Circadian Rhythms in Polar Bears By Dr. Thea Bechshoft, staff scientist at Polar Bears International
Do polar bears follow sleep-wake and other activity patterns like people do, even in the dark of the polar night and 24 hours of sunlight? Because the bears spend most of their time on the Arctic sea ice, this question has been surprisingly difficult for scientists to answer—until recently.
Over the past few years, satellite collars have advanced far beyond tracking movement data as the bears roam the ice. New technology now allows researchers to also gain insights into the frequency of swims, dive depths, ambient temperatures, and even daily activities through POV videos. Still, we did not have a good answer to one of the big questions out there: how do the extreme dark/light conditions of the polar night and the midnight sun affect polar bear behavior?
New study sheds light
Enter a recently published scientific paper by Dr. Jasmine V. Ware (Washington State University) and colleagues. The study covers an 8-year period, includes 122 female polar bears from the Chukchi and Southern Beaufort Seas, and is built on data collected via GPS satellite collars that were also fitted with accelerometers (small instruments that measure smaller scale changes in movement). The resulting data allowed the researchers to investigate the bears’ daily and seasonal patterns over the whole calendar year.
The findings are not only new, but also intriguing. First, it appears that polar bears, like humans and many other organisms, do indeed possess an inherent circadian (daily) rhythm that spans roughly 24 hours. Researchers often consider daylight one of the primary variables that control such daily rhythms, but in most of these bears the length of day only had a slight influence: the duration of their daily rhythm was 24.4 hours during constant daylight (June-August) and 23.9 hours during constant darkness (November-January). The number of active hours (on average, 11) in a day were also largely unchanged throughout the year. It’s important to understand though, that these are average values—in reality, the rhythmicity and activity was characterized by high variability within each bear as well as between bears.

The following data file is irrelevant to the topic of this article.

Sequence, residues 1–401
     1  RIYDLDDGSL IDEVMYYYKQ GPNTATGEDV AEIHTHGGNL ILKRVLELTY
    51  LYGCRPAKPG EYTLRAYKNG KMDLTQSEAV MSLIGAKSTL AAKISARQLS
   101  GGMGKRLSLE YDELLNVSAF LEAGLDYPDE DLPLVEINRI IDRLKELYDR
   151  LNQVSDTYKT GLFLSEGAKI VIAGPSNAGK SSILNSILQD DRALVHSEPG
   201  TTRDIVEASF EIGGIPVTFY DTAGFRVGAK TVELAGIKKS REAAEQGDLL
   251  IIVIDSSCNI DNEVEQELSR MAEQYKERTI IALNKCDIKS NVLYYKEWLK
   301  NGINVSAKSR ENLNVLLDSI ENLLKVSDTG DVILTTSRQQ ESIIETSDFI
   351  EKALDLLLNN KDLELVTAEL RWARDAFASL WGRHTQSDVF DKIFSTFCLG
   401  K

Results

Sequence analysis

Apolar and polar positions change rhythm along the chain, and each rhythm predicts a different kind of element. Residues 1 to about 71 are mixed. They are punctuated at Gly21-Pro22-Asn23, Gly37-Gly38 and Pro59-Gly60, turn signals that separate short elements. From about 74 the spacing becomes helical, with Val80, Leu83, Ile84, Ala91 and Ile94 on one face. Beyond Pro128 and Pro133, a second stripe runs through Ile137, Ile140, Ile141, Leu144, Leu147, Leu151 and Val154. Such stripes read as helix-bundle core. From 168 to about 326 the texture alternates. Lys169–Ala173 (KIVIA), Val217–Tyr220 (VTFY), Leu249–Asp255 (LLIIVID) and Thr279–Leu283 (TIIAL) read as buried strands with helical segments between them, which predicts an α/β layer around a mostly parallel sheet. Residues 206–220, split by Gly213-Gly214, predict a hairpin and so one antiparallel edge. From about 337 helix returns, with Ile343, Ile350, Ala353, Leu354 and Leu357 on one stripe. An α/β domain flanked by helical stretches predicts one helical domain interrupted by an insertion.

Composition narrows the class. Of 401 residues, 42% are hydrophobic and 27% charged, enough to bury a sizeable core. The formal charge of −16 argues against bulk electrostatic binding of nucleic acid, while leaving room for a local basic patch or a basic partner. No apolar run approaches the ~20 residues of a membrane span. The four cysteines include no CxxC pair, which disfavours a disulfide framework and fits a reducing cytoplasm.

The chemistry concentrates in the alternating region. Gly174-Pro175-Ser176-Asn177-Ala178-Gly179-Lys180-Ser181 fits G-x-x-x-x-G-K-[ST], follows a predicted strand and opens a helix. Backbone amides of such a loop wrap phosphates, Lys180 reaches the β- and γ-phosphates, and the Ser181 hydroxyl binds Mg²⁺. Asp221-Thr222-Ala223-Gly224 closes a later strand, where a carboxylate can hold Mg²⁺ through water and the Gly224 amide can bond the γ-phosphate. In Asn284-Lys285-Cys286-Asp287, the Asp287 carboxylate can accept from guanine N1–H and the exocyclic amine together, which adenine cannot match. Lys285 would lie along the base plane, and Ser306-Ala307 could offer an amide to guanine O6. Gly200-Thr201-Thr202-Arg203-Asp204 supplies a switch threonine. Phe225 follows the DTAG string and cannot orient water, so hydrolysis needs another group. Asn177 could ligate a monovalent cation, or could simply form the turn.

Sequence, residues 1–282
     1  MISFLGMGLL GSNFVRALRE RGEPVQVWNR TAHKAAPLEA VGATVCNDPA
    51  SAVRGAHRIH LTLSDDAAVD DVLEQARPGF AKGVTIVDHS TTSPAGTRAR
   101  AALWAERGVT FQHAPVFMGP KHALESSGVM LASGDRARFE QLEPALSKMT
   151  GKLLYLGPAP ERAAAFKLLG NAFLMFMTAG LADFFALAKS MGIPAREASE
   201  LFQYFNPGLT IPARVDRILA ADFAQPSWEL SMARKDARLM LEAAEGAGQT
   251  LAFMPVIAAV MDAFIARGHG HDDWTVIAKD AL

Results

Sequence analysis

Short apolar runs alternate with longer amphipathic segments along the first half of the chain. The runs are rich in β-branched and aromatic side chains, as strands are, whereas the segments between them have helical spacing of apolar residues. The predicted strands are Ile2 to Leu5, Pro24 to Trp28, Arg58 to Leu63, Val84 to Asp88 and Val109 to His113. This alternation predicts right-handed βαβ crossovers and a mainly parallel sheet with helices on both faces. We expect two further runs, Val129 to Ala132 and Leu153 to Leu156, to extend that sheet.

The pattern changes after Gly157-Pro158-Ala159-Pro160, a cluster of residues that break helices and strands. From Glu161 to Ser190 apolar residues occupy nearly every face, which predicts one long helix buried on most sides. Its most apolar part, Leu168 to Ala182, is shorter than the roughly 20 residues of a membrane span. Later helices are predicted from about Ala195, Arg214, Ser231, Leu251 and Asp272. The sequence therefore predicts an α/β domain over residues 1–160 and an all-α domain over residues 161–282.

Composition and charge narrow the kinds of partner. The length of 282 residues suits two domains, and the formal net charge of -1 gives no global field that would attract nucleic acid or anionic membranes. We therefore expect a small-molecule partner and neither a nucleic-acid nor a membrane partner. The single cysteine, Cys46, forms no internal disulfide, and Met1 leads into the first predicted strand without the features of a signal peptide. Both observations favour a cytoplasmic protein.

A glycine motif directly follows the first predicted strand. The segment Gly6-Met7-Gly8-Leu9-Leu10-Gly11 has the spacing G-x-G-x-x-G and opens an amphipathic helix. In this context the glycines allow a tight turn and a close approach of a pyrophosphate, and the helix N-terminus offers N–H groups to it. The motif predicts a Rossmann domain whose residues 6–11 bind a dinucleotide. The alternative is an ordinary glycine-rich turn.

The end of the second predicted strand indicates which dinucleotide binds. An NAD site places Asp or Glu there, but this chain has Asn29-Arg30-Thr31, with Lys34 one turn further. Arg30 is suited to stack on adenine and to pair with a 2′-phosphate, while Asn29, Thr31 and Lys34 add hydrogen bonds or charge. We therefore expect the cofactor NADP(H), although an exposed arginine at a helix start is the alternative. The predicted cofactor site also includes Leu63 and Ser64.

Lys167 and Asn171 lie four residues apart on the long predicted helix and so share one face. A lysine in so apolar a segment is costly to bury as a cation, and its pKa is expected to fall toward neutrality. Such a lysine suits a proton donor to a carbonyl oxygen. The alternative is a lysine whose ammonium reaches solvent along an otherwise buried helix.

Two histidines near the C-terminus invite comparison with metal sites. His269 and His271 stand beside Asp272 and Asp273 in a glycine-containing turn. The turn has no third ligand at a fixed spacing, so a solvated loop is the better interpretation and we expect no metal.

Ringed seal pupping season shakes things up
The time of daily peak activity also stayed constant in the bears through most of the year, centering around noon to 2 p.m. This pattern, however, changed radically during the ringed seal pupping season, with activity generally spread out evenly over all 24 hours of the day. The pupping season (April-June) is an incredibly important time for polar bears. Although polar bears are active hunters year-round, the seal pups represent relatively easy and high-calorie meals that can be picked off by a bear crashing through the roof of the seal birth lair or sneaking up on young seals basking on the sea ice. Springtime is when polar bears pack on the pounds that keep them fat and healthy throughout the often-leaner summer months.
The advantage of being flexible
The results of the study are fascinating. Although we still do not yet know the mechanism behind it, the data show that polar bears retain their daily rhythms over the course of the year, while also maintaining a high degree of what is known as behavioral plasticity (the ability to adjust behavior to the current situation). While neither of these traits are unique to polar bears, it does speak to how well adapted they are at eking out a living in the constantly changing and often harsh environment of the High Arctic sea ice.
Thea has a Ph.D. in polar bear ecology/toxicology. So far, she has spent 15 years focusing on polar bears: studying and working in Denmark, Norway/Svalbard, and Canada; conducting polar bear fieldwork in remote locations in Greenland and Canada; publishing peer-reviewed scientific papers; and guiding polar voyages in Svalbard and Russia. Her work with PBI includes focusing on polar bear research and public outreach. In addition, she is the author of the popular Facebook page, “Polar Bear Questions”. Thea has a deep love of nature, especially the vast and remote Arctic regions. She currently lives in Aarhus, Denmark.